Goo Goo Dolls Dizzy Up The Girl In Hollywood It's A Magical Night At The Palladium Pleasing Fans Of All Ages
HOLLYWOOD, CA- With all things 90s back in fashion, it seems appropriate that the Goo Goo Dolls went on the road to celebrate the 20th anniversary of their biggest album: Dizzy Up The Girl. Their concert at the Hollywood Palladium appealed to die-hard fans from beginning to end: they played the entire album, followed by a mix of hits and more obscure tracks.
There’s something magical about seeing a big-name band in such an intimate setting. And in a break from my quest to find the worst seats in Los Angeles, it was a joy to be so close to the performers rather than having to watch them on screens. I’d also somehow never been to a show at the Palladium before, which I can only describe as looking like a Streamline Moderne roller skating rink featuring chandeliers brought to you by the Phantom of the Opera. There’s an odd glamour about the place, and I found myself wanting to come back before I’d even left.
In their current incarnation, the band consists of Johnny Rzeznik and Robby Takac, supported by touring musicians. I’d hoped that drummer Mike Malinin would rejoin them for this tour, but apparently it wasn’t in the cards. Also missing from the tour was merchandise from their recent pop-up shop in Buffalo. After seeing photos of all the fun items they’d been selling, I was disappointed that they only had “normal” merch. I suppose there’s always eBay, but I prefer to give my money to the artists.
Looking at Rzeznik and Takac, it seems like an unlikely friendship. Rzeznik continues to smolder from the stage. As he ages, his porcelain beauty makes him look increasingly like a model for Edward Cullen, the Twilight vampire. His voice — one of the sexiest in 90s rock — hasn’t lost its range.
By contrast, Takac sports impressive bedhead and sings like he’s come straight from a punk band. In fact, his singing was the biggest shock of the night. While I love the band, I’d never heard his tracks before and was unprepared for how different they were than the chart-topping sound. It’s hard to imagine what the two musicians have in common, but considering how long they’ve been together, it clearly works for them.
The concert featured simple staging in keeping with the scale of the venue: first with a suspended frame around the Dizzy cover art, then later with just the logo on a curtain behind the band for the second portion of the show. There was also a transition in the middle in which Rzeznik performed with a video version of himself — an idea that probably sounded better on paper than in real life. While the concept of having him play and harmonize with layers of himself was in interesting concept, it was marred by odd comedic bickering that played out between the two Rzezniks. A great singer? Yes. An effective comedian? Less so.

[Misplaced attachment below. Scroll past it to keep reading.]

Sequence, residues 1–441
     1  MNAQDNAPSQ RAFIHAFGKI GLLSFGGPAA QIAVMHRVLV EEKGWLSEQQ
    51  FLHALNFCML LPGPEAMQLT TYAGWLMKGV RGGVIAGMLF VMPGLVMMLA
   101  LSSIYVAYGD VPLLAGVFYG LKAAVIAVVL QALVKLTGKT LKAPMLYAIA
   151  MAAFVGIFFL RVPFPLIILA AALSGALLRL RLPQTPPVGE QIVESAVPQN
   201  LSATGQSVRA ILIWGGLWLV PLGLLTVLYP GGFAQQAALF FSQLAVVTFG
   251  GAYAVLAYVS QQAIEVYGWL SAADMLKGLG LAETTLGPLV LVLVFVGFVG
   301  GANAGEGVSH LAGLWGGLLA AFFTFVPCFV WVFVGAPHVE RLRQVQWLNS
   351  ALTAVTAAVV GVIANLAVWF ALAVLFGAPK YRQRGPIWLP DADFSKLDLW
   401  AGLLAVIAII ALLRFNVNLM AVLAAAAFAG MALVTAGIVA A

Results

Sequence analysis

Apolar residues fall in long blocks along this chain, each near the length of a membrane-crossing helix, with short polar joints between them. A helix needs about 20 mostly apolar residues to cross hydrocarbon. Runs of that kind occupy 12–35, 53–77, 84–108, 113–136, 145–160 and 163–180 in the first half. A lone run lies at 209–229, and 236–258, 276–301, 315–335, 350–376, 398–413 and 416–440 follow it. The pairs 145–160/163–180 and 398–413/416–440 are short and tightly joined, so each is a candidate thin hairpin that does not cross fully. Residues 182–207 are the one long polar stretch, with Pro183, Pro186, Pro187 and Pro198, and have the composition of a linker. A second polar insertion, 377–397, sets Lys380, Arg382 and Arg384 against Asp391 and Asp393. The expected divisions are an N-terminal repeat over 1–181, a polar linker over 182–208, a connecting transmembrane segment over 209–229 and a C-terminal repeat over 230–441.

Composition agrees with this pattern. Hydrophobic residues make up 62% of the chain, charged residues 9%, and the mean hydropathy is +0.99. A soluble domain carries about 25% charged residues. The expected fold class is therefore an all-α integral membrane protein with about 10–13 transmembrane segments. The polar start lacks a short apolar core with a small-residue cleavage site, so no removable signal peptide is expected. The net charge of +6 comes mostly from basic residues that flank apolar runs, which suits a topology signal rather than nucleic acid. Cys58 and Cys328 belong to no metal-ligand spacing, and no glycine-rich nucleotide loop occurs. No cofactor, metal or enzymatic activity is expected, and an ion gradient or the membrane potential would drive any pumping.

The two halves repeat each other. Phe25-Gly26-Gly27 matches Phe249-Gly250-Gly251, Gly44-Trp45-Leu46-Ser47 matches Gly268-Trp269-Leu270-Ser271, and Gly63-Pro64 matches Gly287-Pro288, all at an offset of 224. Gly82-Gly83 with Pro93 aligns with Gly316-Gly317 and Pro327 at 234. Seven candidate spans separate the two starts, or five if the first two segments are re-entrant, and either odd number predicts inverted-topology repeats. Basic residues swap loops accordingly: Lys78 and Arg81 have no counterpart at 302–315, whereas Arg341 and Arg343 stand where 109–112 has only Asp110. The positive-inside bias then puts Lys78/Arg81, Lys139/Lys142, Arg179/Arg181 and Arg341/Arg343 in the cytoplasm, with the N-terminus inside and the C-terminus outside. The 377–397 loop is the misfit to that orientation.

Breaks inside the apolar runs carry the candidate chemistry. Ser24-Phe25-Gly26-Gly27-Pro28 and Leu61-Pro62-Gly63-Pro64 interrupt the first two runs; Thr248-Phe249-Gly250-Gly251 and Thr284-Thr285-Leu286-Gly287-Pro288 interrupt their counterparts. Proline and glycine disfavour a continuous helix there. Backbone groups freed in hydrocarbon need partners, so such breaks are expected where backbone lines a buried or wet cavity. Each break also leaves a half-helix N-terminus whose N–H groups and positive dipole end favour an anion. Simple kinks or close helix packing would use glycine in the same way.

The best portion of the show was the first half, in which they played the album through from start to finish. I found myself flashing back to the first time I heard about it — my best friend insistently urged me to listen to this amazing new song, “Iris.” While it’s never been my favorite of their tracks because I love “Slide” with a passion I can’t describe, it’s certainly the showstopper in the live performance. Rzeznik and Takac play the climactic riffs together with an intense unity and synchronization that goes far beyond just being in time with each other. If you haven’t seen the official live video for “Iris,” check it out to see them tear through the song in the pouring rain for a hometown crowd in Buffalo. It’s a thing of beauty in that performance and was electrifying here as well.
The fans clearly loved the performance. They came equipped with all-too-literal black balloons to toss around during “Black Balloon” and cheered Rzeznik’s banter. The crowd particularly loved wisecracks including, “Are you happy? That sucks because I’m going to play a really depressing song,” followed by a comment about how therapy was much less effective than “giving about 98% less f**ks about everything.” He also gave some pointedly joking commentary about a person being escorted out by security, saying it wasn’t that kind of performance and that “the only thing that’s going to get hurt at one of our shows is someone’s feelings.” They also tipped their hat to the importance of Los Angeles to their success, giving credit to local radio station KROQ for helping them break out as artists by being the first to play their 1995 hit, “Name.”
In general, however, I think I was the wrong audience for this particular show. While I really like the Goo Goo Dolls, I don’t live and breathe their music. I wished I could hear their version of “Give a Little Bit,” which it appears they don’t play much anymore — even in the second portion of the show. Ultimately, this performance was more about fan service, and I’m more of a “greatest hits” audience member. Fortunately, that’s most likely what they’ll be serving up next summer on their tour with Train — and I’ll be there, minus the black balloons.